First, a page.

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July 20 2017

Cultural Management Training | An all-round success for Arterial Network in Abidjan

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Following the celebration of Arterial Network’s 10th anniversary in Abidjan in March, the economic capital of Côte d'Ivoire once again hosted continental representatives of the network - this time for a regional training programme. From the 10th to the 13th of July, Arterial Network hosted a Cultural Management workshop at the National Higher Institute of Arts and Cultural Action (Institut National Supérieur des Arts et de l’Action Culturelle, INSAAC).

The workshop focused on the practical aspects of cultural management and emphasised the importance of the act of sharing experiences for participants to learn from real-life case studies. The workshop was led by Luc Mayitoukou (Adafest/ Arterial Network Senegal), who was assisted by Jean-Luc Gbati Sonhaye (Arterial Network Togo) and Diana Ramarohetra (Project Manager - Artwatch Africa).

Several speakers were invited to share their expertise and experience with the trainees. The first was José da Silva who is an editor, consultant and producer. He is also the manager for the Cape Verdean singer, Cesária Évora, and currently the head of Sony Music in West Africa. In order to give the participants insight into the business of music, he elaborated on the positions of artist manager, artist agent and tour manager, and introduced various tools of the trade, such as performance technical sheets, artist contracts etc. He also gave useful practical advice to the participants on how to succeed as an arts manager, through the effective management of artist-manager relationships and how to develop relationships with show promoters.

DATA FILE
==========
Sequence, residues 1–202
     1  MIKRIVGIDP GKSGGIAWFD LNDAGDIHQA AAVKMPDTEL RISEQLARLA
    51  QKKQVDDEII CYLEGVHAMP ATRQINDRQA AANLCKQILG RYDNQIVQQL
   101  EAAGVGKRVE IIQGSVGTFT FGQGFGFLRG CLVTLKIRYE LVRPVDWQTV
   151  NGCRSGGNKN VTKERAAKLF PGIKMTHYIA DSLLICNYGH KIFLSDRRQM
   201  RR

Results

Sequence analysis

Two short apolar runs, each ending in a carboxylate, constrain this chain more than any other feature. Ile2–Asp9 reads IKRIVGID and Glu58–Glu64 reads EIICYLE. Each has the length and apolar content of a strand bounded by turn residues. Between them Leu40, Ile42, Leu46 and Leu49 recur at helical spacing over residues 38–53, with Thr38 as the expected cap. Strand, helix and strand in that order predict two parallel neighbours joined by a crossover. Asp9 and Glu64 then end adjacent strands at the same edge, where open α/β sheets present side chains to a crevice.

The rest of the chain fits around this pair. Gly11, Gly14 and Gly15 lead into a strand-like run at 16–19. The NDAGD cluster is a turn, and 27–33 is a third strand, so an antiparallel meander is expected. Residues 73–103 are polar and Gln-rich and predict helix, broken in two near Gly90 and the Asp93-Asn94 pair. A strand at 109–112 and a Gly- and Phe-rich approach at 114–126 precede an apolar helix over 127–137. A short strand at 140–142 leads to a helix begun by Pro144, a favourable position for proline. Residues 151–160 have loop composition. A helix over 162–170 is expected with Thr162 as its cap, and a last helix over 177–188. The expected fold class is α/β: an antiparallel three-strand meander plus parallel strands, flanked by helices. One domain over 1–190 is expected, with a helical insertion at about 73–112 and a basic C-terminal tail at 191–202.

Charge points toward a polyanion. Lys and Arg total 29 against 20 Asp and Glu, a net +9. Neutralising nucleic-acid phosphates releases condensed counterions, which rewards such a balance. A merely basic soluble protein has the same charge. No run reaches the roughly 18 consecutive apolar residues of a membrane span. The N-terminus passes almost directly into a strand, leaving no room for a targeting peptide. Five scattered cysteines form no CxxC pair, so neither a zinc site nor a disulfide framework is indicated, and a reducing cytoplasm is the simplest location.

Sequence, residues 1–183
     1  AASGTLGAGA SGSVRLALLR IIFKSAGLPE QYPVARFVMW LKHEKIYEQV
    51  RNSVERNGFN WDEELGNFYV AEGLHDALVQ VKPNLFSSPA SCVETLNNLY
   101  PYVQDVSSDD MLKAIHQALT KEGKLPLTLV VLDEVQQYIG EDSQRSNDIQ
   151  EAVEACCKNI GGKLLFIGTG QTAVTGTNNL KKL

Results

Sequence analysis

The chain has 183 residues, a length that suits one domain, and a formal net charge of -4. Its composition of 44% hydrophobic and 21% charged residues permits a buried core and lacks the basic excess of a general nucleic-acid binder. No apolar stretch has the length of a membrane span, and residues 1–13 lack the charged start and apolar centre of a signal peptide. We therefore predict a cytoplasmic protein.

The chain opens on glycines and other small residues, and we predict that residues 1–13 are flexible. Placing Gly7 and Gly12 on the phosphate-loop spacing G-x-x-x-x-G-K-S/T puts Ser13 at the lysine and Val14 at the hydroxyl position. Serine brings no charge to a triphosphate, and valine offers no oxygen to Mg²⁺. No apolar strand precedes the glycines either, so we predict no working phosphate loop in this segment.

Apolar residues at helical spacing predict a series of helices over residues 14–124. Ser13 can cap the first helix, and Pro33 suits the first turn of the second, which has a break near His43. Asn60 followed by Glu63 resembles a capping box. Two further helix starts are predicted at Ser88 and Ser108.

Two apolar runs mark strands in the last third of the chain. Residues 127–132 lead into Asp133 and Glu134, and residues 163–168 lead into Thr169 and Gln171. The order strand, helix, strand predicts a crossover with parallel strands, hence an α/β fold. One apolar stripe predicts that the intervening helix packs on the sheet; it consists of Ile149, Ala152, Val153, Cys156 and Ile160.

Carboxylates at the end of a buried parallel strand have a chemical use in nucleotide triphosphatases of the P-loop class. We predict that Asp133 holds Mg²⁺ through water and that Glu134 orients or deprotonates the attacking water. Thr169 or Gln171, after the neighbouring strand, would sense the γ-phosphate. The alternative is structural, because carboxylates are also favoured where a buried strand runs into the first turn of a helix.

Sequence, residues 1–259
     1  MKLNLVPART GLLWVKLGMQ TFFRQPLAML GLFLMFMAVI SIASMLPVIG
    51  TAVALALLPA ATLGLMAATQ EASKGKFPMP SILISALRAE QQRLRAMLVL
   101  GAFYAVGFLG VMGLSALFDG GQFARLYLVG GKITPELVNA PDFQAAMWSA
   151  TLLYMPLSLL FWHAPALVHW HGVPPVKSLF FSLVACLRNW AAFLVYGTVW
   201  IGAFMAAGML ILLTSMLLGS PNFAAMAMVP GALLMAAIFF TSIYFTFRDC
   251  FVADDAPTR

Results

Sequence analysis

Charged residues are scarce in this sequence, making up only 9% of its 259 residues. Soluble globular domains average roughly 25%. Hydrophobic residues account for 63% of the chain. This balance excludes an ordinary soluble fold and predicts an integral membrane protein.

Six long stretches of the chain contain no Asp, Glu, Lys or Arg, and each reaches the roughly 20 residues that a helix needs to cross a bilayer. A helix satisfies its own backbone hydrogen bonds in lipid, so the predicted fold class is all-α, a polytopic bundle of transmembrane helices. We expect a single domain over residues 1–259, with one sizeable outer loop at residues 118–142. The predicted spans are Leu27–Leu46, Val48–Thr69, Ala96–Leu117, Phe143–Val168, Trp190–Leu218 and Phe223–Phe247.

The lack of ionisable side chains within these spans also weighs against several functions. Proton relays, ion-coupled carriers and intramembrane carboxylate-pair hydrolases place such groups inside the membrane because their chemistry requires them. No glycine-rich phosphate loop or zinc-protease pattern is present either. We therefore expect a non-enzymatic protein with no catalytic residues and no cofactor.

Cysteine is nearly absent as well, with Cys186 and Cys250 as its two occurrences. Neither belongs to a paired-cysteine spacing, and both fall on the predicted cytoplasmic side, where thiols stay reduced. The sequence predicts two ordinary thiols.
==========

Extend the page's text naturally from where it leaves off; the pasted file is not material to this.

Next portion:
On the second day of the workshop, José da Silva delved into the digital tools used for the diffusion and promotion of musical products. He touched on the history of commercial sound recordings: from the first music rolls through to vinyl and the compact disc, finally culminating in digital mediums. The importance of social networks is universally acknowledged for generating a following for artists. Although some African countries have still not caught up with these innovations, it is now possible to sell artistic works to the four corners of the globe through the use of online platforms. Streaming is expected to upset the current balance in the future as the technology continues to upgrade. Its development may even cause radio and television to disappear entirely. To illustrate this last point, Luc Mayitoukou, the Manager of ZHU Culture, introduced his digital distribution platform with examples of some of the artists who have already signed with him. The presentation led into a discussion about the importance of recording accurate metadata, particularly for websites and software that pool multiple online resources together, known as aggregators.